18. Meanwhile . . . the placenta usually comes about 5-10 minutes after the birth; the baby can remain in the mother's arms and even keep nursing through all the placental activity unless there is a major emergency.  Watch for sudden gush of blood and lengthening of cord.  This means the placenta has detached and is ready to be born.  The placenta will usually be pushed out easily by mother.  You can assist the mother to kneel or stand (still holding the baby) to allow the placenta to fall out; be prepared to catch it in a bowl or pot as a splattering placenta is really messy, AND it is still attached to the baby!  Or if the mother chooses to remain lying down, you can use one of the gauze pads to grasp the cord close to the mother's body.  Ask her to tell you when she is having a contraction, and then GENTLY tug on the cord with gentle downward pressure to assist it in coming through the birth canal.  STOP if the mother complains of discomfort.
  19. After the placenta is out, immediately press fingers slowly and gently into abdomen at  the mom's belly button - you'll feel the top of the uterus.  It may be somewhat spongy or slightly firm or rock hard if she's having a contraction.  Do slow and gentle circular massage to encourage contraction of the uterus.  This is extremely important, especially if there's a constant flow of blood. (You can put the placenta into a clean plastic bag to contain the mess, and just tuck it alongside the mother's hip as the baby nurses.)
  20. Ideally, you can help the mother into a safe, comfortable location within 15 minutes of the birth and then keep her lying down for the next 1.5 to 2 hours.  Women usually feel strong for about 15-20 minutes after the birth, but then weird things happen to blood pressure, and women often faint if you try to get them up too soon after the birth.  At about 1.5 to 2 hours after the birth, she will need to empty  her bladder.  Walk with her to the toilet and stay with her in case she starts to feel faint.  (You can turn your back and check in every minute or so to assess her well-being.)  Ideally, you will have some clean (warm?) water that she can squirt over her perineum to relieve the stinging as she urinates and to clean the perineum afterwards.  Help her back to bed.  She should urinate at least every couple of hours while she is awake; a full bladder prevents the uterus from staying contracted and may increase her postpartum bleeding.  Provide her with food and drink as she desires.
  21. Do not cut the cord until at least an hour after the birth, unless the mother specifically requests it, or if you need to move the mother and baby a long way to a safer location. If you are moving the baby a short distance, you can just carry the placenta close to the baby, with some slack in the cord.  Before you cut the cord, put an identifying band of some kind on the baby with the mother's name and date of birth, and put a matching band on the mother and father or other family member.  TO CUT THE CORD: use the sterile plastic umbilical clamps to clamp the cord about 3 inches from the abdomen, then 2 inches beyond that, and cut between the 2 clamps with the disposable scalpel or any sterile knife or scissors.  You can sterilize a knife or scissors by scrubbing it clean and then boiling for 20 minutes or soaking in alcohol or hydrogen peroxide for 20 minutes.
  22. Once you are safely past 2 hours after the birth, then just encourage the mother to hold the baby close to keep the baby warm.  At this point, she may want to take a nap, so make sure she and the baby are safe, warm and comfortable, and give them quiet space to rest and recover.  It's a good idea for someone to remain in earshot for the next 24 hours at least.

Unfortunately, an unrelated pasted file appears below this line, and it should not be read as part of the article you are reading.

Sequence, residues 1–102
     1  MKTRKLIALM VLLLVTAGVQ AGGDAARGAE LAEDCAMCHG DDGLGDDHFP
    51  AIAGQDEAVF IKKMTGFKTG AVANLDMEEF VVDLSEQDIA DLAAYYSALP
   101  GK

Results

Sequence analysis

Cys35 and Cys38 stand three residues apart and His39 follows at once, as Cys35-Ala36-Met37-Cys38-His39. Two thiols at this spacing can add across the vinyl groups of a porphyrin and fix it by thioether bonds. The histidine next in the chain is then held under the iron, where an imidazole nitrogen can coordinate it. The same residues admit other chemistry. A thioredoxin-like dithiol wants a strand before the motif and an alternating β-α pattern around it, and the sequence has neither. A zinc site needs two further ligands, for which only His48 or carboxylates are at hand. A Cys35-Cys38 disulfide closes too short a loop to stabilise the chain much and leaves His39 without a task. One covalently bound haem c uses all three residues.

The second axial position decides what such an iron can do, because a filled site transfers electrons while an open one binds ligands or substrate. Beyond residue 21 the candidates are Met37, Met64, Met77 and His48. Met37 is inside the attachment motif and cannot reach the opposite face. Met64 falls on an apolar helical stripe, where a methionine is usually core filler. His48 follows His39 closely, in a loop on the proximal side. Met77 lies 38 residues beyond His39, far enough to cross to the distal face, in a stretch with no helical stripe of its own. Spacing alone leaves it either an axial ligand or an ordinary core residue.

1. Assist the mother to a position where she is lying mostly flat on her back on a bed with her bottom at the edge and her feet supported by chairs on either side.  Encourage her not to push until she absolutely has to; you can help her not to push by panting with her through the contraction with short breaths (one to two per second), like blowing out individual birthday candles.  Or she may find it helps to vocalize like singing opera.
      2. Once she is no longer able to pant through her contractions and starts pushing involuntarily, it is helpful to encourage her in strong bearing down efforts.
      3. Keep your hands off the baby until the baby is born to the level of the belly button.  NOTE THE TIME as the baby's head must be born within 8 to 10 minutes.
      4. Then, wrap a warm towel or blanket around the baby's hips to help support the baby's weight.  As the shoulders are being born, GENTLY help to rotate the baby's body so that the baby's belly is towards the ground.  The baby must be facing towards the mother's back in order to facilitate the birth of the head.  When you see the nape of the neck, allow the body to hang down completely, with your hands off the baby but ready to catch the baby as the head is born and released from the mother's body.  Encourage her to push strongly with the next two contractions.  If the contractions are spaced out so that there is more than 30 seconds of resting time in between, then it is a good idea to have someone do nipple stimulation to make the contractions stronger and closer together.   Have a helper put the forefinger on one side of the breast, about 2" back from the nipple, and then put the thumb on the opposite side of the nipple, also about 2" back from the nipple,and squeeze firmly and hold the breast tissue as if you were putting pressure where the baby's gums would be.  If you can roll your thumb towards the nipple, that helps even more.  Do this every 2 seconds and don't be afraid to squeeze hard if necessary to save the baby's life.